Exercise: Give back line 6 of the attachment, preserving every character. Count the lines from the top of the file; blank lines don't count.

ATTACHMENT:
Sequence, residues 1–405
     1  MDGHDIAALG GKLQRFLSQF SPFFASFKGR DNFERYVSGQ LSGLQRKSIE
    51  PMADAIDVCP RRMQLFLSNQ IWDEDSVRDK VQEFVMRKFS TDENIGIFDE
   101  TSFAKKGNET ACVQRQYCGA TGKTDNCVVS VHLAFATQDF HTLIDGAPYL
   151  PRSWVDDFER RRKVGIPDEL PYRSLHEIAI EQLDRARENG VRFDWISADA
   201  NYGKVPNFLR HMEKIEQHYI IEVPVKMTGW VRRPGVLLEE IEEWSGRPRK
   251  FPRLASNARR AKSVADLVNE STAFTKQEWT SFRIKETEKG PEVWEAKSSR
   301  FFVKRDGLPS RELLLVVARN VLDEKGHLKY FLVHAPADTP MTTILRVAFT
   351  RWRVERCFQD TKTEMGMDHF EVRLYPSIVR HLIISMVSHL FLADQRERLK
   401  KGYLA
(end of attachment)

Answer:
   201  NYGKVPNFLR HMEKIEQHYI IEVPVKMTGW VRRPGVLLEE IEEWSGRPRK